Lily Allen’s second album, Jude Law as Hamlet, Michael Sheen as Brian Clough, Martin Amis on feminism – 2009 promises a variety of treats in the arts. Our critics predict what will make waves in the coming months
By Edward Seckerson, The Independent, Friday, 2 January 2009
Venezuelan passion guarantees the arrival of spring in the capital during April when the Simon Bolivar Youth Orchestra touches down under their extraordinary young conductor, Gustavo Dudamel. They conclude the second of their two South Bank concerts with The Rite of Spring, the Stravinsky ballet with more than a little kinship with the rhythmic attitude of their own musical culture.
Another less well-publicised but hardly less talented young conductor, Yannick Nezet-Seguin, now principal guest of the London Philharmonic, returns in May. He slips into the second half of what has been the most innovative season in years for this orchestra. That’s thanks to Vladimir Jurowski, the sharpest intellect in town. I’m especially looking forward to his «Soviet» programme in April – an opportunity to experience the cult of Valentin Silvestrov whose hallucinatory Fifth Symphony might once have been regarded as «quite a trip». Jurowski is also bringing us the UK premiere of a song cycle by Torsten Rasch, a composer with roots in rock music, described by its conductor as the next «Big Bang».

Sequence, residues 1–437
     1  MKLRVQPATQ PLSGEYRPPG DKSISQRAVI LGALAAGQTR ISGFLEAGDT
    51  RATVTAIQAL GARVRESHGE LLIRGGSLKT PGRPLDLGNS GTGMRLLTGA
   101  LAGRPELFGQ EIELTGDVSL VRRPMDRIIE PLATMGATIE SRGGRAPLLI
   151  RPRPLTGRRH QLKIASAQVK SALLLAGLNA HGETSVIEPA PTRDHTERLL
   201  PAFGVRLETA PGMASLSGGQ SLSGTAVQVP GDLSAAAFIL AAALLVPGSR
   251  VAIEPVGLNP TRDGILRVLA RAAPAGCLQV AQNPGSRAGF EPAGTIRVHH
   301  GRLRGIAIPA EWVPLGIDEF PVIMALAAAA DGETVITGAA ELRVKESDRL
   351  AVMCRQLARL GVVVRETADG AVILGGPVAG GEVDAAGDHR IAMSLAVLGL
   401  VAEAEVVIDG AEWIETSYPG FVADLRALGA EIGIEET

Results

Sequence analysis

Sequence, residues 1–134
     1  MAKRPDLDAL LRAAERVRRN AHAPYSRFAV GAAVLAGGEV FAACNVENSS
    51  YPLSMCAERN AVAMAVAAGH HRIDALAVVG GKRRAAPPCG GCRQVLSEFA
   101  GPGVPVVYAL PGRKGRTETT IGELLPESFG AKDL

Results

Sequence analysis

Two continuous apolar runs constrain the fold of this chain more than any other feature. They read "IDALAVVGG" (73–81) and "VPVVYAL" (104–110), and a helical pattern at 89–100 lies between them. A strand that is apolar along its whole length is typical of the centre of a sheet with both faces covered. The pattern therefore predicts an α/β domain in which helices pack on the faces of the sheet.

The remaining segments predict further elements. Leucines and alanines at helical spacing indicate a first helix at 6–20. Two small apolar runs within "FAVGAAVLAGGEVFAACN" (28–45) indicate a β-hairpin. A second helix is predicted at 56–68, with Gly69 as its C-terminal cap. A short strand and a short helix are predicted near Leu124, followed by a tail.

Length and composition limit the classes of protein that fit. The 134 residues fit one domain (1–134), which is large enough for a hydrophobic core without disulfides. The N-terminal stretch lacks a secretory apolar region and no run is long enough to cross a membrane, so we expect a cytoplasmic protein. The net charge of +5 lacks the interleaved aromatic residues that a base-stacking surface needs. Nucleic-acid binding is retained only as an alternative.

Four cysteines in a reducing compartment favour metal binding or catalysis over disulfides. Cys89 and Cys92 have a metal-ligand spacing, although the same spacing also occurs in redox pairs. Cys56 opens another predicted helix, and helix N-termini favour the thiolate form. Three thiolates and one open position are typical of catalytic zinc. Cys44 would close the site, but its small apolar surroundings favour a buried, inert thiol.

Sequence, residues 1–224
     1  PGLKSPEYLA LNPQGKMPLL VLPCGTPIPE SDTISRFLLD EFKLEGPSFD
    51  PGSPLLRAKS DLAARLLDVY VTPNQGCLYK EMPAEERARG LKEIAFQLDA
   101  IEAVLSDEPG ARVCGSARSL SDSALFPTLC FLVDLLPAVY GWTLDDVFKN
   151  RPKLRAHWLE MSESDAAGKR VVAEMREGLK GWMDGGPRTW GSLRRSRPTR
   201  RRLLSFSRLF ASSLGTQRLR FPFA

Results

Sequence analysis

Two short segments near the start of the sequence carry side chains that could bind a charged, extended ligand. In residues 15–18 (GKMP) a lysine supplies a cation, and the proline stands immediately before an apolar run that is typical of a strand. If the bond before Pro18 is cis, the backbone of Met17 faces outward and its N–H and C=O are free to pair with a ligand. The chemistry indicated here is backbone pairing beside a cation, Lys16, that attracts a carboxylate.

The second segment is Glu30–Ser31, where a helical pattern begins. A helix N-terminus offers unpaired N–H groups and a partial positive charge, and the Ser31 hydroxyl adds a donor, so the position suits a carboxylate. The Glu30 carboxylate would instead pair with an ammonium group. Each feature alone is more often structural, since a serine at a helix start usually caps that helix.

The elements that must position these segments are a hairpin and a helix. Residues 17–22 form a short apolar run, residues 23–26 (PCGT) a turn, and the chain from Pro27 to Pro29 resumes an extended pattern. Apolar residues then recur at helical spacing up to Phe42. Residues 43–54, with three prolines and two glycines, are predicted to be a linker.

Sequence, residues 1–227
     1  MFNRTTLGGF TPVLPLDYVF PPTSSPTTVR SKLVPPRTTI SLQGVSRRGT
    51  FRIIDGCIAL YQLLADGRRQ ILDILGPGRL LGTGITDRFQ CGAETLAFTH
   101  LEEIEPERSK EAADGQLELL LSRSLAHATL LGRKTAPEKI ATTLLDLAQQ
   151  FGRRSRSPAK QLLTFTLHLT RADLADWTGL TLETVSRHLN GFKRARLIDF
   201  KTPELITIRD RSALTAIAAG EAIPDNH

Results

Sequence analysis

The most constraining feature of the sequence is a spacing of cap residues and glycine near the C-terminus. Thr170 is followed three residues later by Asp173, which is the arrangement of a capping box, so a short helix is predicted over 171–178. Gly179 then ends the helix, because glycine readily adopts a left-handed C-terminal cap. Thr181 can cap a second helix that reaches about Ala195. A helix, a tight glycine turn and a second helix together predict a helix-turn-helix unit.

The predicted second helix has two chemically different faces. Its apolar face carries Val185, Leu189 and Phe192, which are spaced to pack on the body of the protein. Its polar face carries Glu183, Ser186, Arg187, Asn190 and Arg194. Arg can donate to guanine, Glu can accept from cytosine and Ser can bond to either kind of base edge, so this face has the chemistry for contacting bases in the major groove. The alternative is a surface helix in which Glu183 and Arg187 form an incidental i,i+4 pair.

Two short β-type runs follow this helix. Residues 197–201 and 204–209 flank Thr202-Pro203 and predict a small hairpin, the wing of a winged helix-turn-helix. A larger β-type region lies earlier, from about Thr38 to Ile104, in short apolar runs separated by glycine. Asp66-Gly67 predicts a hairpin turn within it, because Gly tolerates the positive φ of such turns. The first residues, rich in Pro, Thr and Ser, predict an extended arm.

Jurowski is, of course, music director at Glyndebourne where the 75th Anniversary will be celebrated with two mouth-watering prospects: Verdi’s Falstaff in a new production from the ever challenging, ever subversive, Richard Jones, and Dvorak’s glorious Rusalka directed by Melly Still who gave us Coram Boy at the National Theatre.
English National Opera continues its strongest season in years with what promises to be another Jonathan Miller long-runner – a new La Bohème. There’s also a new Britten Peter Grimes to look forward to from David Alden, and another sojourn for ENO at The Young Vic where controversial theatre director Katie Mitchell will offer After Dido, her take on Purcell’s Dido and Aeneas. Prepare for the fall-out.
Over at the Royal Opera there’s the rare treat of Erich Korngold’s gorgeous Die tote Stadt and Bryn Terfel, dropping anchor in Wagner’s The Flying Dutchman.